Cheyney is still under scrutiny by the federal education department for mismanaging more than $29 million in financial aid, some or all of which it could be asked to repay. The school remains on “heightened cash monitoring,” which means it no longer receives advance payments for student financial aid but must request reimbursement.
Walton said Friday he expected a resolution with the education department within weeks. He said enrollment is up over 600 and the university is off to a good start this semester. And he said a recent review by Middle States went well.
“We still have a couple issues we need to resolve, but I don’t see any barriers to us resolving them by the end of October,” he said.
Walton said last month that Cheyney ended 2018-19 with a $2.1 million surplus, thanks in part to a $2.5 million unrestricted grant from the Pennsylvania Department of Education. The state system said a final ruling on Cheyney’s budget won’t be available until an audit is complete.
Kent’s lawyer, Thomas Sprague, called her “a highly respected educator with an impeccable reputation, who was dedicated to upholding professional standards throughout her 16-year tenure” and who "was unlawfully terminated for blowing the whistle on significant waste and wrongdoing at Cheyney.”
Kent spent her first decade as dean of the honors academy, which enrolled more than 100 students, according to the suit. She became assistant vice president, associate provost, and provost in August 2017, maintaining academy oversight for all.
The academy, long considered Cheyney’s bright spot, awards full tuition and room and board scholarships to state students with promising academic records. The state this year gave the program nearly $4 million, up from $2.3 million.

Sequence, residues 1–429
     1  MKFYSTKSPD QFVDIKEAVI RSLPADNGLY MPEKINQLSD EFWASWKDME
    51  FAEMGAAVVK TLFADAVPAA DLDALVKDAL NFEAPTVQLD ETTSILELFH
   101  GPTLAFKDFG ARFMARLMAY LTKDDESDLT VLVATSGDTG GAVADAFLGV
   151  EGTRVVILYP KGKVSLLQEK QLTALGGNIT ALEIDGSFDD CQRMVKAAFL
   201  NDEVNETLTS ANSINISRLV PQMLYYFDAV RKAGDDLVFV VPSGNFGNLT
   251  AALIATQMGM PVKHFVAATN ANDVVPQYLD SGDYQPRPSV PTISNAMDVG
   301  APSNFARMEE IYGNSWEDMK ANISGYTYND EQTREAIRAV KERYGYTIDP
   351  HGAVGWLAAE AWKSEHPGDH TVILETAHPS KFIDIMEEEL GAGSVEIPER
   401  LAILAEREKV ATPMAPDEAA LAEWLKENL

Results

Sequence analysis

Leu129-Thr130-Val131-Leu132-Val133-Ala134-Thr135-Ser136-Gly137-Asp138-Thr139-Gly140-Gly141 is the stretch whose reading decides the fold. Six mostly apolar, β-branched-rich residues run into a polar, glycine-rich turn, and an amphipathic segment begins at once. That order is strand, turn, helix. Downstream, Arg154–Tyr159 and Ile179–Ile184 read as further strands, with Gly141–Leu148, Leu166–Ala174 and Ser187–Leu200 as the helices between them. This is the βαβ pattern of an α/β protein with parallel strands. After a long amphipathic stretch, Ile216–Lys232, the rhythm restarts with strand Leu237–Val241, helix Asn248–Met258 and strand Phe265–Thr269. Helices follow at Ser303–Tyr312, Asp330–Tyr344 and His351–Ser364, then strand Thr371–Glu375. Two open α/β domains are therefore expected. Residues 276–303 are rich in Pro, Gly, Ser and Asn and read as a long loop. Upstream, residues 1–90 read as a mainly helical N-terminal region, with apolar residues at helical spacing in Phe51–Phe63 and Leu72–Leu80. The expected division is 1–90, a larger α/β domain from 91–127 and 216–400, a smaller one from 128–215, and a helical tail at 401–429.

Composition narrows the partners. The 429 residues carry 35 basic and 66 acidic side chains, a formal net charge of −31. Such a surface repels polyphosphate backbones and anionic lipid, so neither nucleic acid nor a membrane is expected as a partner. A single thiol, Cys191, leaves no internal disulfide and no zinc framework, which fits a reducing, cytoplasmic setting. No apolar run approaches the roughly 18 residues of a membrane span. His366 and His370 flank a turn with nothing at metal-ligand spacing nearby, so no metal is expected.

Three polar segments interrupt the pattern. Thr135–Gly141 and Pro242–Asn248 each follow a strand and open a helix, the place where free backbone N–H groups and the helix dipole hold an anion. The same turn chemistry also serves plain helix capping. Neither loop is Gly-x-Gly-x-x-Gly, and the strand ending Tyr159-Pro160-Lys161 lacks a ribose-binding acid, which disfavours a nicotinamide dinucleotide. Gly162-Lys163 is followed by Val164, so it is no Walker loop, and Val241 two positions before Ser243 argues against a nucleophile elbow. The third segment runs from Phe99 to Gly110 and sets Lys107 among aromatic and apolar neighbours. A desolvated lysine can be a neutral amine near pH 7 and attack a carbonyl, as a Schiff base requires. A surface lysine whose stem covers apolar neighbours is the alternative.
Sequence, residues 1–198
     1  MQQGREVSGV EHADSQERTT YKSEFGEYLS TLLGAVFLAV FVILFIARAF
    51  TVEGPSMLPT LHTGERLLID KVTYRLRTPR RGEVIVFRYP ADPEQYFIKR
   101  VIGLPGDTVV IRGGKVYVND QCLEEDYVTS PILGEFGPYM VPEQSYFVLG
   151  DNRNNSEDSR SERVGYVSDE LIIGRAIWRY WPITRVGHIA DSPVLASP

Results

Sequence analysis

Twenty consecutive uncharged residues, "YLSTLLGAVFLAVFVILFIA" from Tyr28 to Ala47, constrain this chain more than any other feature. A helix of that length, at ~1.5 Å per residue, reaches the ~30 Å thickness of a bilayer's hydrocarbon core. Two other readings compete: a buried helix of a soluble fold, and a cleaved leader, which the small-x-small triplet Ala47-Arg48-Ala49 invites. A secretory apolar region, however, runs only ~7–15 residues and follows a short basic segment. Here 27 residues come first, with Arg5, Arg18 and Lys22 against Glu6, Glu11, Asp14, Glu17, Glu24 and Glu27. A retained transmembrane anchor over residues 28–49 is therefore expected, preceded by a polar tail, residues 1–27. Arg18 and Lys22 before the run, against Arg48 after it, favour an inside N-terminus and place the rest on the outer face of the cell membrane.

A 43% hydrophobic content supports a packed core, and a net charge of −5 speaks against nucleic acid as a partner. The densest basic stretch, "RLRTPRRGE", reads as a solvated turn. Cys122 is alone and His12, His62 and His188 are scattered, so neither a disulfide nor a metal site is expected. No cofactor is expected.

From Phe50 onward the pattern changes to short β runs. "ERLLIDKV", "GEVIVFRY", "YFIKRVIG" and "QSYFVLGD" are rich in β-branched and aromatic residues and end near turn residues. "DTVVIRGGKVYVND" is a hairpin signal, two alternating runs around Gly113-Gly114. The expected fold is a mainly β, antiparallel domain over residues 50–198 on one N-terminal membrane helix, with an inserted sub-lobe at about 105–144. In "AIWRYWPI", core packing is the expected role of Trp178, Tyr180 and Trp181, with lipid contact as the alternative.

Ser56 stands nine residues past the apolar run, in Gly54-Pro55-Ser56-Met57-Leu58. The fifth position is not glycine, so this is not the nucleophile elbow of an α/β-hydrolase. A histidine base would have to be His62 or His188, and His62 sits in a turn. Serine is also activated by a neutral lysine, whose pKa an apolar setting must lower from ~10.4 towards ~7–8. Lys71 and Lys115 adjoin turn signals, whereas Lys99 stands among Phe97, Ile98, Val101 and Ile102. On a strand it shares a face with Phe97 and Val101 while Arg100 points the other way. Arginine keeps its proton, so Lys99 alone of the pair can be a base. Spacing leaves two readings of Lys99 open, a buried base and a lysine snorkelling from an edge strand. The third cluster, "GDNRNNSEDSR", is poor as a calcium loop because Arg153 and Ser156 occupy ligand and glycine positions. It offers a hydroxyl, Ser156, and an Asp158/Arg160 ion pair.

Students have been required to have a minimum GPA of 3.0 and SAT of 1080 to be admitted, according to the suit. (In its response, the state system acknowledged the requirements, but said it was “free to revise” them.) The academy for years has boasted a more than 90% retention rate, which it was able to maintain by adhering to rigorous admission standards, the suit said.
In summer 2018, Kent gave Walton a list of ineligible students who received scholarship funds, totaling $300,00 annually or $1.2 million over four years, the suit said. Such lapses could jeopardize the school’s accreditation, she told Walton. Walton, the suit said, became “irate” and accused her of being an “obstructionist.”
Kent disclosed her concerns to state system leaders. She was fired last September.
In her suit, Rayfield said Jones took control of the honors academy shortly after he was hired in May 2018 and “unlawfully and inappropriately awarded scholarships to unqualified students, denied scholarships to qualified students … and directed that certain scholarship funds go to unauthorized and improper sources.”
Rayfield’s attorney, Jennifer Bell, said they would have no comment.